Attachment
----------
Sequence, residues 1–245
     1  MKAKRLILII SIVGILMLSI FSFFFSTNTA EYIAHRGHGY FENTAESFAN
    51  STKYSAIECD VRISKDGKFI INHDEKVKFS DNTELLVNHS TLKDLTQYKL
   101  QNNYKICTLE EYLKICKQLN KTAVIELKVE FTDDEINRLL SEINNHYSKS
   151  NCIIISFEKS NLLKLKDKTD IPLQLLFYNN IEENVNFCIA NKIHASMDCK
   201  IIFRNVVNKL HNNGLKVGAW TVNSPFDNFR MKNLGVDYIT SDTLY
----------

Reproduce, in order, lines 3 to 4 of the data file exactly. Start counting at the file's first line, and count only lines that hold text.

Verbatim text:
    51  STKYSAIECD VRISKDGKFI INHDEKVKFS DNTELLVNHS TLKDLTQYKL
   101  QNNYKICTLE EYLKICKQLN KTAVIELKVE FTDDEINRLL SEINNHYSKS